Difference between revisions of "2019 AMC 12A Problems/Problem 15"

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Since all four terms on the left are positive integers, from <math>\sqrt{\log{a}}</math>, we know that both <math>\log{a}</math> has to be perfect square and <math>a</math> has to be a power of ten. The same applies to <math>b</math> for the same reason. Setting <math>a</math> and <math>b</math> to <math>10^x</math> and <math>10^y</math>, where <math>x</math> and <math>y</math> are the perfect squares, <math>ab = 10^{x+y}</math>. By listing all the [https://artofproblemsolving.com/wiki/index.php/Perfect_square perfect squares] up to <math>14^2</math> (as <math>15^2</math> is larger than the largest possible sum of <math>x</math> and <math>y</math> of <math>200</math> from answer choice <math>E</math>), two of those perfect squares must add up to one of the possible sums of <math>x</math> and <math>y</math> given from the answer choices (<math>52</math>, <math>100</math>, <math>144</math>, <math>164</math>, or <math>200</math>).  
 
Since all four terms on the left are positive integers, from <math>\sqrt{\log{a}}</math>, we know that both <math>\log{a}</math> has to be perfect square and <math>a</math> has to be a power of ten. The same applies to <math>b</math> for the same reason. Setting <math>a</math> and <math>b</math> to <math>10^x</math> and <math>10^y</math>, where <math>x</math> and <math>y</math> are the perfect squares, <math>ab = 10^{x+y}</math>. By listing all the [https://artofproblemsolving.com/wiki/index.php/Perfect_square perfect squares] up to <math>14^2</math> (as <math>15^2</math> is larger than the largest possible sum of <math>x</math> and <math>y</math> of <math>200</math> from answer choice <math>E</math>), two of those perfect squares must add up to one of the possible sums of <math>x</math> and <math>y</math> given from the answer choices (<math>52</math>, <math>100</math>, <math>144</math>, <math>164</math>, or <math>200</math>).  
  
Only a couple possible sums are seen: <math>16+36=52</math>, <math>36+64=100</math>, <math>64+100=164</math>, <math>100+100=200</math>, and <math>4+196=200</math>. By testing each of these (by seeing whether <math>\sqrt{x} + \sqrt{b} + \frac{x}{2} + \frac{y}{2} = 100</math>), only the pair <math>x = 64</math> and <math>y=100</math> work. Therefore, <math>a</math> and <math>b</math> are <math>10^{64}</math> and <math>10^{100}</math>, and our answer is <math>\boxed{\textbf{(D) } 100^{164}}</math>.
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Only a couple possible sums are seen: <math>16+36=52</math>, <math>36+64=100</math>, <math>64+100=164</math>, <math>100+100=200</math>, and <math>4+196=200</math>. By testing each of these (by seeing whether <math>\sqrt{x} + \sqrt{b} + \frac{x}{2} + \frac{y}{2} = 100</math>), only the pair <math>x = 64</math> and <math>y=100</math> work. Therefore, <math>a</math> and <math>b</math> are <math>10^{64}</math> and <math>10^{100}</math>, and our answer is <math>\boxed{\textbf{(D) } 10^{164}}</math>.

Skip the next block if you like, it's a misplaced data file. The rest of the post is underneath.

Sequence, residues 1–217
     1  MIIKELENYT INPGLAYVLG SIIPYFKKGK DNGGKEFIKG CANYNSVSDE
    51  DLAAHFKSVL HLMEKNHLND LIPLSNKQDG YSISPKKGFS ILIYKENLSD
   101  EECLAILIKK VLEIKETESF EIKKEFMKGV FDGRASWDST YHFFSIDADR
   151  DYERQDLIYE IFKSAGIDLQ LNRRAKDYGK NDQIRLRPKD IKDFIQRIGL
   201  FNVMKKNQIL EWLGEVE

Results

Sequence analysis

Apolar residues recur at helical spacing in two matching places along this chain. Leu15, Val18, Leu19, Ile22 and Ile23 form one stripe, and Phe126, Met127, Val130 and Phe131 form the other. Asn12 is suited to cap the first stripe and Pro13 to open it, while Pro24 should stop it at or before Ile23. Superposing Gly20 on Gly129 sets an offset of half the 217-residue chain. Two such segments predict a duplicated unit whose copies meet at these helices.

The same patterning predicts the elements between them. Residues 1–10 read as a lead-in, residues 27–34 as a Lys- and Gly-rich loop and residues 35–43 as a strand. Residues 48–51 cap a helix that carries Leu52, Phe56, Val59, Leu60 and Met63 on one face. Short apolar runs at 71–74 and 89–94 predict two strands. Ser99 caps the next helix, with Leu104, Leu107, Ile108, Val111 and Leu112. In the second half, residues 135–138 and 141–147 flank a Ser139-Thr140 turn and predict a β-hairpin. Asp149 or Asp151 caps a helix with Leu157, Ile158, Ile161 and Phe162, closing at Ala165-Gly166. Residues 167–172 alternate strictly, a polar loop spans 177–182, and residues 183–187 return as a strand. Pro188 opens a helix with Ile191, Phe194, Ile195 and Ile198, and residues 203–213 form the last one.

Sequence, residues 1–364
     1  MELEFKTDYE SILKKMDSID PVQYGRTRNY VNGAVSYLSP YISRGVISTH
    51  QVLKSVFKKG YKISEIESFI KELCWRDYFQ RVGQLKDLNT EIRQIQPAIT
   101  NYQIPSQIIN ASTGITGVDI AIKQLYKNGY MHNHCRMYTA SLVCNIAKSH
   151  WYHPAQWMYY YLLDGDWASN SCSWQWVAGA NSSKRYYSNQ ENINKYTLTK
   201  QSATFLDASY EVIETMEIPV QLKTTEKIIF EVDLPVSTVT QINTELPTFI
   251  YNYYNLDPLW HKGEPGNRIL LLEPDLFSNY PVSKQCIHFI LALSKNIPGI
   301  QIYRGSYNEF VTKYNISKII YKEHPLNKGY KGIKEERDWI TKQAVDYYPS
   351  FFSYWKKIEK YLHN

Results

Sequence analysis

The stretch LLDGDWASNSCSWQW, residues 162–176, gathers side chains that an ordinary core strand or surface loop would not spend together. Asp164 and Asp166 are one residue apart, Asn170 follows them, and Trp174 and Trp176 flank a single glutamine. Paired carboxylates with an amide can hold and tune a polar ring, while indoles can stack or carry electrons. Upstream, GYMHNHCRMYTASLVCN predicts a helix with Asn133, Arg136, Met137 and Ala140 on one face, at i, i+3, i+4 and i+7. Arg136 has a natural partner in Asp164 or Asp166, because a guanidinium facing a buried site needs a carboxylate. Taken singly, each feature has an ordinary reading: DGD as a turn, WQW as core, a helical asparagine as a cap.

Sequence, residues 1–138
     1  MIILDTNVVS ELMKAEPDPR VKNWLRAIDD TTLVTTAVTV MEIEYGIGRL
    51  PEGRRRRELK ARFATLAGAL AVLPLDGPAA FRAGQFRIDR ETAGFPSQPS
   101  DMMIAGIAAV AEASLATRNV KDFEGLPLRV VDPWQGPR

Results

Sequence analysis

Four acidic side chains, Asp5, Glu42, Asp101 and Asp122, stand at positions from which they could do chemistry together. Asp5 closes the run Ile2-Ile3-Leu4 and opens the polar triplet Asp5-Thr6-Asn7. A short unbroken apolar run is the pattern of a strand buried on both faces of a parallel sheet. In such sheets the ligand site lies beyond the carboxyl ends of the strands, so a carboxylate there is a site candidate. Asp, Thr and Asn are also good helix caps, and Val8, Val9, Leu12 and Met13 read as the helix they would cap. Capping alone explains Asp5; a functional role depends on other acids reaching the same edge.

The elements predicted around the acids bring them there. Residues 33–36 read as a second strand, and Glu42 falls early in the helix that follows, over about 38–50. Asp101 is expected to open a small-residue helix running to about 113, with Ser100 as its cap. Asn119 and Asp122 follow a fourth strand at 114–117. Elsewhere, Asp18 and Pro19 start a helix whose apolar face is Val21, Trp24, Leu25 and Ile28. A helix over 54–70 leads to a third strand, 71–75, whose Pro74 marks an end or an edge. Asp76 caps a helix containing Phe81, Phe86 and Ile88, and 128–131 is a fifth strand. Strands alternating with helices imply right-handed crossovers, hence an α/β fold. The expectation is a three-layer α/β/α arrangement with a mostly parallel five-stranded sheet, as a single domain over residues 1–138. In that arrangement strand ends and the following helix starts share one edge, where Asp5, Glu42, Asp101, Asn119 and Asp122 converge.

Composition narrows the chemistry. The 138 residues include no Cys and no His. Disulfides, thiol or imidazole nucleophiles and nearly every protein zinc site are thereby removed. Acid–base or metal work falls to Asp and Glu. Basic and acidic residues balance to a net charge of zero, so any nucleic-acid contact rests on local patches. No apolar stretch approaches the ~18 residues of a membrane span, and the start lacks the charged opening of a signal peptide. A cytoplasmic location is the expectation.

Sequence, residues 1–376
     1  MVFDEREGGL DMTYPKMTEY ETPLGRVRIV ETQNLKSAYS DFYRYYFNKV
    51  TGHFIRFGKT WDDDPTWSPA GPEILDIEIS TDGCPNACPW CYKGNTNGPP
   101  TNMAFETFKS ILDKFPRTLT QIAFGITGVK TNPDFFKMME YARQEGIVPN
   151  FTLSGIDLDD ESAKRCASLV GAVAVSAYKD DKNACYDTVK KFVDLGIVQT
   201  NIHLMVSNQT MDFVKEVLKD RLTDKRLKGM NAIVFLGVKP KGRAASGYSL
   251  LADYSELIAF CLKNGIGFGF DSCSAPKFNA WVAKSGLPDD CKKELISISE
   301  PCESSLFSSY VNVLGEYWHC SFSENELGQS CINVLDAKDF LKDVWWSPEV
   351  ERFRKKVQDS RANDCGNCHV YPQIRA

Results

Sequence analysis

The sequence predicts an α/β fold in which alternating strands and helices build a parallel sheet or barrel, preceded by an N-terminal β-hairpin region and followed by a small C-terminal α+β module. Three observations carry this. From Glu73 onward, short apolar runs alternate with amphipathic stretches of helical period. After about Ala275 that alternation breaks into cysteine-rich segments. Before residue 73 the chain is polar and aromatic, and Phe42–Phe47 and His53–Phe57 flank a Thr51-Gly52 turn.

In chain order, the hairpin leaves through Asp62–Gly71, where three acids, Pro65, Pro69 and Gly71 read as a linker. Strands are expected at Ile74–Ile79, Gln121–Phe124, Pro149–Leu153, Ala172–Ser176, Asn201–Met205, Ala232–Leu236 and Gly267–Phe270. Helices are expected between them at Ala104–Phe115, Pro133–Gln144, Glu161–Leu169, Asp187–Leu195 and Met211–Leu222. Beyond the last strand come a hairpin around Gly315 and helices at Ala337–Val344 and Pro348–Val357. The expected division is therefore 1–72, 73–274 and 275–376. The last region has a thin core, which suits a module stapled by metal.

==Solution 2==
 
==Solution 2==

Revision as of 11:00, 10 February 2019

Problem

Positive real numbers $a$ and $b$ have the property that \[\sqrt{\log{a}} + \sqrt{\log{b}} + \log \sqrt{a} + \log \sqrt{b} = 100\] and all four terms on the left are positive integers, where log denotes the base 10 logarithm. What is $ab$?

$\textbf{(A) }   10^{52}   \qquad        \textbf{(B) }   10^{100}   \qquad    \textbf{(C) }   10^{144}   \qquad   \textbf{(D) }  10^{164} \qquad  \textbf{(E) }   10^{200}$

Solution 1

Since all four terms on the left are positive integers, from $\sqrt{\log{a}}$, we know that both $\log{a}$ has to be perfect square and $a$ has to be a power of ten. The same applies to $b$ for the same reason. Setting $a$ and $b$ to $10^x$ and $10^y$, where $x$ and $y$ are the perfect squares, $ab = 10^{x+y}$. By listing all the perfect squares up to $14^2$ (as $15^2$ is larger than the largest possible sum of $x$ and $y$ of $200$ from answer choice $E$), two of those perfect squares must add up to one of the possible sums of $x$ and $y$ given from the answer choices ($52$, $100$, $144$, $164$, or $200$).

Only a couple possible sums are seen: $16+36=52$, $36+64=100$, $64+100=164$, $100+100=200$, and $4+196=200$. By testing each of these (by seeing whether $\sqrt{x} + \sqrt{b} + \frac{x}{2} + \frac{y}{2} = 100$), only the pair $x = 64$ and $y=100$ work. Therefore, $a$ and $b$ are $10^{64}$ and $10^{100}$, and our answer is $\boxed{\textbf{(D) } 10^{164}}$.

Solution 2

Given that $\sqrt{\log{a}}$ and $\sqrt{\log{b}}$ are both integers, $a$ and $b$ must be in the form $10^{m^2}$ and $10^{n^2}$, respectively for some positive integers $m$ and $n$. Note that $\log \sqrt{a} = \frac{m^2}{2}$. By substituting for a and b, the equation becomes $m + n + \frac{m^2}{2} + \frac{n^2}{2} = 100$. After multiplying the equation by 2 and completing the square with respect to $m$ and $n$, the equation becomes $(m + 1)^2 + (n + 1)^2 = 202$. Testing squares of positive integers that add to $202$, $11^2 + 9^2$ is the only option. WLOG, let $m = 10$ and $n = 8$. Plugging $m$ and $n$ to solve for $a$ and $b$ gives us $a = 10^{100}$ and $b = 10^{64}$. Therefore, $ab = \boxed{\textbf{(D) } 100^{164}}$.

See Also

2019 AMC 12A (ProblemsAnswer KeyResources)
Preceded by
Problem 14
Followed by
Problem 16
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All AMC 12 Problems and Solutions

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